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Nabis's Wife

When he had by these means put the greater number of them out of the way, he next had constructed a kind of machine, if machine it may be called, which was the figure of a woman, clothed in costly garments, and made to resemble with extraordinary fidelity the wife of Nabis. Whenever then he summoned one of the citizens with a view of getting some money from him, he used first to employ a number of arguments politely expressed, pointing out the danger in which the city stood from the threatening attitude of the Achaeans, and explaining what a number of mercenaries he had to support for their security, and the expenses which fell upon him for the maintenance of the national religion and the needs of the State. If the listeners gave in he was satisfied; but if they ever refused to comply with his demand, he would say, "Perhaps I cannot persuade you, but I think this lady Apéga will succeed in doing so." Apéga was the name of his wife. Immediately on his saying these words, the figure I have described was brought in. As soon as the man offered his hand to the supposed lady to raise her from her seat, the figure threw its arms round him and began drawing him by degrees towards its breasts. Now its arms, hands, and breasts were full of iron spikes under its clothes. When the tyrant pressed his hands on the back of the figure, and then by means of the works dragged the man by degrees closer and closer to its breasts, he forced him under this torture to say anything. A good number of men who refused his demands he destroyed in this way.1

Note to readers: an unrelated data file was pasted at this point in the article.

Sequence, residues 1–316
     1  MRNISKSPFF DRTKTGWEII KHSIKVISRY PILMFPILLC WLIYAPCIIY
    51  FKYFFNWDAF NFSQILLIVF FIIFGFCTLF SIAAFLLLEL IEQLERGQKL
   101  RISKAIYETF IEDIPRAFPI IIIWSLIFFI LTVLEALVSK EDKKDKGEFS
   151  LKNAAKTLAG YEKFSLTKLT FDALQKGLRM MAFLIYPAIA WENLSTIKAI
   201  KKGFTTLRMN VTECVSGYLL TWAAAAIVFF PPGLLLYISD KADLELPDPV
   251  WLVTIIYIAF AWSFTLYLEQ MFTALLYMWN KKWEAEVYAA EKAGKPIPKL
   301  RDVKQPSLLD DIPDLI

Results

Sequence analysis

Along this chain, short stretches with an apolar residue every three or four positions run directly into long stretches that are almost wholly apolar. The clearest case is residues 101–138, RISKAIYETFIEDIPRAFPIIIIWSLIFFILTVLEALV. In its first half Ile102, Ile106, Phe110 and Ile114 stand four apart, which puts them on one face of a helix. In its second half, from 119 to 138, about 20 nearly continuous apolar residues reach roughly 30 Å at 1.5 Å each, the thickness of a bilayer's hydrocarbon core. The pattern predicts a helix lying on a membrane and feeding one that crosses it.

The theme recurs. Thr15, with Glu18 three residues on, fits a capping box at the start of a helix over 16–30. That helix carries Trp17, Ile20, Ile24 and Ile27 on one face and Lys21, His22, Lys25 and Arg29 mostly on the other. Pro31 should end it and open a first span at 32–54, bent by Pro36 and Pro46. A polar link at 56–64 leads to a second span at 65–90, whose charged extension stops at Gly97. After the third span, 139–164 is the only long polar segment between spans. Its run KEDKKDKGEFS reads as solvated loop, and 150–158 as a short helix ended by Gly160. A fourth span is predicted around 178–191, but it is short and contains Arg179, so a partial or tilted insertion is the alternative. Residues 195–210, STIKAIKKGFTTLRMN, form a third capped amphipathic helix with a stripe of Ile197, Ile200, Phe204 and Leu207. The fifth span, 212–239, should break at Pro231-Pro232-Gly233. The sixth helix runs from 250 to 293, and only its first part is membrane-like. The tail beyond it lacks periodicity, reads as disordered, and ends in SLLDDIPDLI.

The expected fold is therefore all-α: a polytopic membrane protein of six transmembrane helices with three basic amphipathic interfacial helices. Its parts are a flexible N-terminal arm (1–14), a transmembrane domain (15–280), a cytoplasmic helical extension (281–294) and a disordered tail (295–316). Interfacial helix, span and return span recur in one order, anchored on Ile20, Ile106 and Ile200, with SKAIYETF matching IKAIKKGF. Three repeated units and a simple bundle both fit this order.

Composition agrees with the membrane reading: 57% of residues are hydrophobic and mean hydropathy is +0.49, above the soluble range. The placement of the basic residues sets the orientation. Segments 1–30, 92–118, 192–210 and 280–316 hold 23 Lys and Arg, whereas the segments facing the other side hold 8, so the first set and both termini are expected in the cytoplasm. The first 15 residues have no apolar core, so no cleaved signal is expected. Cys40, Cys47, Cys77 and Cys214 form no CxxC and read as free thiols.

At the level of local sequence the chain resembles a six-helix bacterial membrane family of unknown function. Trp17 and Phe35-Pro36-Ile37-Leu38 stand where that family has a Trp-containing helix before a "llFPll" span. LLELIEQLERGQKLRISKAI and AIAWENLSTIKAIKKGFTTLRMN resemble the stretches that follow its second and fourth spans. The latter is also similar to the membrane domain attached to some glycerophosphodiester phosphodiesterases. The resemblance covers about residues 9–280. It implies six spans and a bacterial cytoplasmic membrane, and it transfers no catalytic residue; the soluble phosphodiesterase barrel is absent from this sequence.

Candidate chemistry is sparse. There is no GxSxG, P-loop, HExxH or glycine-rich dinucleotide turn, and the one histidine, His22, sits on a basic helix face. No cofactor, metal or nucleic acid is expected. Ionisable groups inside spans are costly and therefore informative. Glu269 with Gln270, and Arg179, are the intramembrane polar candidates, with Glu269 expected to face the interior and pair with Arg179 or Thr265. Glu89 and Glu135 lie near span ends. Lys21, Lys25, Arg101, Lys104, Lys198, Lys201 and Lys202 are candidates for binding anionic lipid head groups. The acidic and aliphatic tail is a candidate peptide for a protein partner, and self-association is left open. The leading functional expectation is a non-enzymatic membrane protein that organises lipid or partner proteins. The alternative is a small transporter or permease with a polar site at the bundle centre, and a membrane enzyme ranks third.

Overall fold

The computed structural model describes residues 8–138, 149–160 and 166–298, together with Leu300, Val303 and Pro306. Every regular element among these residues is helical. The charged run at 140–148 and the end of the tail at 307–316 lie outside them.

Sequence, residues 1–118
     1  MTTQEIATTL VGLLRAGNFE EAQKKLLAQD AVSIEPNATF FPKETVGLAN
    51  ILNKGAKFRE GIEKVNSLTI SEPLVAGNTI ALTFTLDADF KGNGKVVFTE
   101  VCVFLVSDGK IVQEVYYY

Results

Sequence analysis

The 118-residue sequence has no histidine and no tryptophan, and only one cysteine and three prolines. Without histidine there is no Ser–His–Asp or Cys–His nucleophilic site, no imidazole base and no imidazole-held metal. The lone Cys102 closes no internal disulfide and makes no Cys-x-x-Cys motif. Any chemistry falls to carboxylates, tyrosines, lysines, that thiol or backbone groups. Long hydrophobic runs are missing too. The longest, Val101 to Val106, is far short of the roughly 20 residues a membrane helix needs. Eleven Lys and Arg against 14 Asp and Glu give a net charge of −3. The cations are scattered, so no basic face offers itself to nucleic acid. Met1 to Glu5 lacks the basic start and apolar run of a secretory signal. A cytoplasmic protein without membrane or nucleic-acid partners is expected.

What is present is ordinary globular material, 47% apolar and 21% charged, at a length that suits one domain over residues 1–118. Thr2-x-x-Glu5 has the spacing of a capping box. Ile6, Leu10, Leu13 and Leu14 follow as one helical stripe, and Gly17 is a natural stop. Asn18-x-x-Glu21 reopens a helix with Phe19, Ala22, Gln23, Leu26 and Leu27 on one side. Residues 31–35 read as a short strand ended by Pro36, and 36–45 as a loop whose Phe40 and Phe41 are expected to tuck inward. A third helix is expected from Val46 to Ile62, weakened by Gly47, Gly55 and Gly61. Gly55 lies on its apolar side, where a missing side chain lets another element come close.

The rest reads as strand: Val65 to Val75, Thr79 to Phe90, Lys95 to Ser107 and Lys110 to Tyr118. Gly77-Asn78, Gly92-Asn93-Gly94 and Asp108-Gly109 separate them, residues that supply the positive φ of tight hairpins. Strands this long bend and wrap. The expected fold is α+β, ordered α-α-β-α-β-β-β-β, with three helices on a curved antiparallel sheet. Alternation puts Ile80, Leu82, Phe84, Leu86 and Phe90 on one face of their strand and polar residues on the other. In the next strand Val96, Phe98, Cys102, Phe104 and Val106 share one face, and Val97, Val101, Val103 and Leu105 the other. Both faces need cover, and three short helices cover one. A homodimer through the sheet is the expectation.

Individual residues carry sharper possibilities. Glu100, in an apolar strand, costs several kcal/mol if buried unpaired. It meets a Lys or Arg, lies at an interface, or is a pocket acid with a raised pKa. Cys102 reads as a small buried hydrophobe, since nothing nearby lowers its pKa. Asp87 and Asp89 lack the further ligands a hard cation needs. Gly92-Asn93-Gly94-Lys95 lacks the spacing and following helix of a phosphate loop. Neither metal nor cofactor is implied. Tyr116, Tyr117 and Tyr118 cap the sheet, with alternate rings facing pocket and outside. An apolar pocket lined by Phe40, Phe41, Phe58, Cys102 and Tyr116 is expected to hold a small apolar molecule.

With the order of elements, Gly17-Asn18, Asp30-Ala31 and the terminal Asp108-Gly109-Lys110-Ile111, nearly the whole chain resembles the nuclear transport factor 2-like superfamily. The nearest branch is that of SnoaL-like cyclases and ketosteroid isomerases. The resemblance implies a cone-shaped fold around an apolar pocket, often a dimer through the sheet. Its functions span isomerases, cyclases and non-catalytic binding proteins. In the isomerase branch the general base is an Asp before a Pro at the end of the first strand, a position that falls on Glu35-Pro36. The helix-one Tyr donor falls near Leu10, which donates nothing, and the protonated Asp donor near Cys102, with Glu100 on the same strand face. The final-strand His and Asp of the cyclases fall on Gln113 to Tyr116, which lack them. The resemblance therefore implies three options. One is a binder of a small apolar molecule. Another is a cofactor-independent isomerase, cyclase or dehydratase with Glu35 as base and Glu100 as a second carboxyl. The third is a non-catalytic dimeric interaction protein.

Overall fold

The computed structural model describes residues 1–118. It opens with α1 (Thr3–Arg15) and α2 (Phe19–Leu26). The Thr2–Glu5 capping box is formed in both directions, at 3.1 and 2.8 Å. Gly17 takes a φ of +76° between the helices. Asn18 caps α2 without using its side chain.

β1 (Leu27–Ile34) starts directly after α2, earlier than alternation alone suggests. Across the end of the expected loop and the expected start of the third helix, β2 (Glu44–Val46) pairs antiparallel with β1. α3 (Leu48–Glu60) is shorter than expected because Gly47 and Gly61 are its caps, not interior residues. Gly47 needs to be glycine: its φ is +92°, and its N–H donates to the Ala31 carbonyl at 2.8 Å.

1 The text of these last sentences is so corrupt that it is impossible to be sure of having rightly represented the meaning of Polybius.

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hide References (4 total)
  • Commentary references to this page (2):
    • Titus Livius (Livy), Ab urbe condita libri, erklärt von M. Weissenborn, books 31-32, commentary, 32.38
    • Titus Livius (Livy), Ab urbe condita libri, erklärt von M. Weissenborn, books 31-32, commentary, 32.40
  • Cross-references to this page (2):
    • A Dictionary of Greek and Roman Antiquities (1890), CRUX
    • Smith's Bio, Nabis
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